“Whereas the therapy sessions using physical equipment at hospitals make people reluctant, education through content entertains them," said researcher Lee Gil-haeng of the ETRI. "The person learning can participate voluntarily and so the results are 20 percent more effective than one-way education through text or video.”
Gachon University Gil Medical Center also uses VR programs to help people with anxiety disorders by exposing them to situations that may be a source of distress but in a controlled environment.
A VR app called Relumino, which was developed by Samsung Electronics in 2017, works in conjunction with Samsung Gear VR headsets, to apply the technology to real-life situations, allowing people with visual impairments to see more clearly. Users can control the VR device to make thick lines that help them discern their surroundings. The app is currently undergoing registration as a medical device and will officially go into service after the process is complete.
VR games can also help people without disabilities to learn and feel what everyday life feels like for people with disabilities.
VR content creation company Peligood offers two VR experience packages which let users experience life as a person with a vision impairment or as a person with a developmental disability. For the visual impairment experience, people can choose from four types of different visual impairments and virtually act out “simple” chores such as going to the bank and using an ATM, crossing a road to go to the optician, completing puzzles at home or escaping from a fire at home.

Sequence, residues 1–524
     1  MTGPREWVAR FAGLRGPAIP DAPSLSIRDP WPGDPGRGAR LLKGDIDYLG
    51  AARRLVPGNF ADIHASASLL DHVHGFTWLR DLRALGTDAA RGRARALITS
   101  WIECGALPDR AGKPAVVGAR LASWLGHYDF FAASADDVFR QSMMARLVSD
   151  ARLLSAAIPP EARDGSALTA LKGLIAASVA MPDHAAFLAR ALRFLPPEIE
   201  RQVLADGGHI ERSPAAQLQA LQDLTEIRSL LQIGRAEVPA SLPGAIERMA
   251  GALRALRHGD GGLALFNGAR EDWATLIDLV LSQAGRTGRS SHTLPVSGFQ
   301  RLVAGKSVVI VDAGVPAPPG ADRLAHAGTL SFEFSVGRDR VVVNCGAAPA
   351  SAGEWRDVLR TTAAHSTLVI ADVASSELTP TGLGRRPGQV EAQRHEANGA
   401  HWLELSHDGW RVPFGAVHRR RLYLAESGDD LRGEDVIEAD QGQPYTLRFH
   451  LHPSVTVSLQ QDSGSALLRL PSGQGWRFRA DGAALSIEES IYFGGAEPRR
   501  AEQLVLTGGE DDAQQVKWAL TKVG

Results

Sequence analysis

In the developmental disability mode, participants sit down on wheelchair-shaped seats to experience a day from a new perspective, seeing how difficult it is to reach for higher shelves at stores from a wheelchair, to cross a zebra crossing without traffic lights or to avoid people traveling at fast speeds on pedestrian roads. Peligood co-developed the program with Deokyang Haengsin Disabilities Protection Center in Goyang, Gyeonggi. The program is mostly used by care centers or rented out to schools and education centers, according to Peligood.
VR offers a whole virtual experience of what it might feel like for a person with a disability in a complete context. The game-like environment helps them concentrate and stay focused by giving them an opportunity to see and feel a different perspective in its entirety and "feel like they are actually living with a disability in the virtual environment," a spokesperson from Peligood said.
"Most disability experience programs center around showing what the specific disability feels like," the Peligood spokesperson said. "In one of the programs for developmental disabilities, we provide a situation where the user experiences a collision with someone riding on an electric kickboard. VR allows people to experience such situations regardless of the physical limitations of the real world. We hope to further develop programs to educate people on disabilities next year."
BY YOON SO-YEON [firstname.lastname@example.org]